Even after the tragic death of UAE football Theyab Al Musabi in a car accident, the message not texting at the wheel has not been absorbed
A tragic message not received - don't text while driving
Last year the UAE was in a state of shock and mourning. Theyab Awana Al Musabi, the Bani Yas striker who had become an internet sensation after he scored a back-heeled penalty goal, was killed in a car accident that left the country reeling. So young. So much promise. Not questioning God's plan for us all, but it hurt.
Even people who didn't know him felt this way, so his family and friends must have been devastated. I hope it was some comfort to them that the country shared their grief, mourned with them and was genuinely moved by the incident.
The cause of the accident wasn't anything new, a combination of speed and recklessness, and apparently the use of a mobile phone while driving.
As awareness of this made the rounds, the reaction was almost palpable. Theyab's father, Awana Al Mosabi, joined Sheikh Saif bin Zayed, the Minister of Interior, and Bani Yas teammates to urge drivers to exercise more caution.
In the early days following the accident, those calls seem to have been answered. Drivers seemed more aware of reckless behaviour, and those that flaunted safe-driving rules and regulations were seen as having committed a major faux pas. One year on, however, and this seems to have changed back to business as usual.
The National recently reported that drivers' texting habits have become worse, not better. This is incredibly disappointing. I wish no harm on anyone, but I doubt that there is a single Emirati family that has not had a family member or a friend pass away in an accident.
It's always a tragedy, but nothing seems to change behaviour. What will it take for us to say that this is no longer acceptable, and to do something about it? How many people have to die for us to decide that we, as a society, will not accept this anymore?
Maybe we can learn something from the worldwide movement towards banning smoking in public places. When individual countries initially introduced the ban, it seemed like a way of life was being altered. There was an initial uproar followed by predictions that it would never work.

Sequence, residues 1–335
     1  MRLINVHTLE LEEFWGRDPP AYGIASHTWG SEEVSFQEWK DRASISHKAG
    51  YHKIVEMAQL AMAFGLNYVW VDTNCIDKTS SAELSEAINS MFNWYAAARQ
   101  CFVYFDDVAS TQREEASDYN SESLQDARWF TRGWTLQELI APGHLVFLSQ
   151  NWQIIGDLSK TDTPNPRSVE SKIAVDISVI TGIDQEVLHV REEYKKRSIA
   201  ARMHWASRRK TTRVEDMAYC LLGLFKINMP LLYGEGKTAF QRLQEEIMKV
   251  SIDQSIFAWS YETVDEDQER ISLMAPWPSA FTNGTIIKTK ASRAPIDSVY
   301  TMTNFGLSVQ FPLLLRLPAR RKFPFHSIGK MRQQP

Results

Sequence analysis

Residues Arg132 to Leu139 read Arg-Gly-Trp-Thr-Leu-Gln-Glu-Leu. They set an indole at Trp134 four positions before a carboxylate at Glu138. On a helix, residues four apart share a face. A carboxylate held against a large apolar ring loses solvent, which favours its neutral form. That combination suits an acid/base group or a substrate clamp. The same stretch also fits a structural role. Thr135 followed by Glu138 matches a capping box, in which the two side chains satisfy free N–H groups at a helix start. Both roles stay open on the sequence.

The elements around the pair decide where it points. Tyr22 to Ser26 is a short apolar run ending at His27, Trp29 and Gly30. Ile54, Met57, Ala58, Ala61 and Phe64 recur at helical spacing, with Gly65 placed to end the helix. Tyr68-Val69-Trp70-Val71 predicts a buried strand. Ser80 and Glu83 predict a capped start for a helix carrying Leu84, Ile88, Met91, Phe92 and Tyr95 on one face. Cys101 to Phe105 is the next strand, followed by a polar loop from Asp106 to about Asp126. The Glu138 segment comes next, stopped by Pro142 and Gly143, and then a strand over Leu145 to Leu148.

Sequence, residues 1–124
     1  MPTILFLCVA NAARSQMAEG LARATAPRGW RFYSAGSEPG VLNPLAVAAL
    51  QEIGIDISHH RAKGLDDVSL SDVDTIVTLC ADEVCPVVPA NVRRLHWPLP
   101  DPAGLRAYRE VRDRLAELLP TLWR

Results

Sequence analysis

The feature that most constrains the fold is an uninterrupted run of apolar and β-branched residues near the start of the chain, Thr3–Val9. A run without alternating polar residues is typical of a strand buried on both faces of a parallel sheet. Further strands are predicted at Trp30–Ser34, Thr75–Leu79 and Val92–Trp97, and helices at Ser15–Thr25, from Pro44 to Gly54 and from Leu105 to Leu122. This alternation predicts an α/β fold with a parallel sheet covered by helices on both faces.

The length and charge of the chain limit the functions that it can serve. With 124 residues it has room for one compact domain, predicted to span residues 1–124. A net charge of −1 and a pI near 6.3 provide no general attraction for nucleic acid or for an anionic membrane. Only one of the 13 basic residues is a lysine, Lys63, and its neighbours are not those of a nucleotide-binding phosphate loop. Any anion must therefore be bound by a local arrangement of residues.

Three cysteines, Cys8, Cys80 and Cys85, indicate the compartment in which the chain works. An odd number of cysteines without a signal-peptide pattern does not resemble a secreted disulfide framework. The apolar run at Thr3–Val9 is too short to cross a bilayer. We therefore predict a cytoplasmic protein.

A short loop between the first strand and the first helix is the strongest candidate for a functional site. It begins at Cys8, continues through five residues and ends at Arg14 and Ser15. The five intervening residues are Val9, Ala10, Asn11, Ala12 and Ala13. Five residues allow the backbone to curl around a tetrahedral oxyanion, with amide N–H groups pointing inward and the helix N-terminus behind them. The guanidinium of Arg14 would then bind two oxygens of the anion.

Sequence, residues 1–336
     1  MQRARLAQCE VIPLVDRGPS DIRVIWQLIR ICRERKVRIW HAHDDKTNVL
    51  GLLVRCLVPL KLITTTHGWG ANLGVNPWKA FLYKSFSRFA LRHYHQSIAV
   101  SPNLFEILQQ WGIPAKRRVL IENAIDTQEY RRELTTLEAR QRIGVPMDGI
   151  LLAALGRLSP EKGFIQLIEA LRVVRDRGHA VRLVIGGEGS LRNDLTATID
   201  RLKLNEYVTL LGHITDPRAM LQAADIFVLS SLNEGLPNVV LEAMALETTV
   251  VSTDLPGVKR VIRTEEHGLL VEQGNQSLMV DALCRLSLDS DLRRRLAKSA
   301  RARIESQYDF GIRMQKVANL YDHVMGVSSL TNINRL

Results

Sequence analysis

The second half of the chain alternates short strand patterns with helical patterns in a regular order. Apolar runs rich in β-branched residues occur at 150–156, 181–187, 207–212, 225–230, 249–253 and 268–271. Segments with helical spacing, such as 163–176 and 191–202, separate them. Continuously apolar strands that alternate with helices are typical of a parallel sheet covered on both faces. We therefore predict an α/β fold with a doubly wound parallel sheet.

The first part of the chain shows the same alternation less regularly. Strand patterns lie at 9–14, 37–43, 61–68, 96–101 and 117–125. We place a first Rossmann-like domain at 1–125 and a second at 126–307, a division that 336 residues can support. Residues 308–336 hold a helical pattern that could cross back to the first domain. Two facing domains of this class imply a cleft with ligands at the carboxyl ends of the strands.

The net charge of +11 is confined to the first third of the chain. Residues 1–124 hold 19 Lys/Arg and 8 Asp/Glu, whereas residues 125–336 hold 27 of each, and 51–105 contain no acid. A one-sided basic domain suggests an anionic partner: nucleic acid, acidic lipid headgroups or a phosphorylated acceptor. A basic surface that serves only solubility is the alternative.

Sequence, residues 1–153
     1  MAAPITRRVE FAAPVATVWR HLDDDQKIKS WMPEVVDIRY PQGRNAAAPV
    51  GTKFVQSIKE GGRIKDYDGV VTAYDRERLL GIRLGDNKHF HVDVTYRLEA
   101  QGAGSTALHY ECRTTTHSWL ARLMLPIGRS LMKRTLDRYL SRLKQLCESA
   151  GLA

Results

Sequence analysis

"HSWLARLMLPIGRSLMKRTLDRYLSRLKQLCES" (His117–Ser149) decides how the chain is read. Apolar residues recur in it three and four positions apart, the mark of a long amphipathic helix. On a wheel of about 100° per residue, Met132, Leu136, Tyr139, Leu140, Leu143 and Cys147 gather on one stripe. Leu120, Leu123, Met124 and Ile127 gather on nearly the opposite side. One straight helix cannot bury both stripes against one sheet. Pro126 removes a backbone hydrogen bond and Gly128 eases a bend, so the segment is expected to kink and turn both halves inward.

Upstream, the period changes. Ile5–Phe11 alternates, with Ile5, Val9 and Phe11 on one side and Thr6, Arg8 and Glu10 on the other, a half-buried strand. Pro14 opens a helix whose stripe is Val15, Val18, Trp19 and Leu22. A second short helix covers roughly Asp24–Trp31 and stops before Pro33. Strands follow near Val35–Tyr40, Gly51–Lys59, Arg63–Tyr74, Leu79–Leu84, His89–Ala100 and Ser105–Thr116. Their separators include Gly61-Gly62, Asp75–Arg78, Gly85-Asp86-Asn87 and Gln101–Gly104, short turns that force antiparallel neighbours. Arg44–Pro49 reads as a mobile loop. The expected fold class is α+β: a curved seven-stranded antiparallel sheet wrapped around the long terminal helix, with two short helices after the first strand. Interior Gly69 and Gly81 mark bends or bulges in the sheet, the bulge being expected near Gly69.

But given time, these bans have proven incredibly effective. I suppose we should define "effective": local cafe owners who claim they are losing money may not agree, but once every food and beverage outlet imposes the ban, customers will have to comply.
If it happened in the bars and pubs of Europe, it can happen here. Alternatively, if we define effective as the positive net gain to society from cleaner air, then that also has been achieved.
Like smoking, reckless and inattentive driving doesn't just endanger the lives of those in the car, but also everyone else on the road. I fully appreciate the police's attempts to enforce safe-driving laws and encourage them to be as heavy-handed as possible with anyone who is caught.
I even have to admit that sometimes I will continue writing a text message just as the light goes green, or will sneak a peek at my phone while I'm driving to see who's calling me, but if I were caught by a policeman, I wouldn't try to get out of the ticket. I would be too embarrassed. I should know better, and I will do my best to be better.
So why not finish writing that message when you've reached your destination? Leave home early so that you're not rushing. Pull over to the side of the road if you get a phone call, or use a hands-free set. Talk to your sons and daughters, your employees and colleagues, and tell them that we don't want to lose any more people on the road. We've lost enough as it is.
These are little things we can do to make our roads safer. Honour Theyab's memory with that at least. This is my promise to the people with whom I share the road. If only everyone else would do the same.
Su'ad Yousif is a civil servant based in Abu Dhabi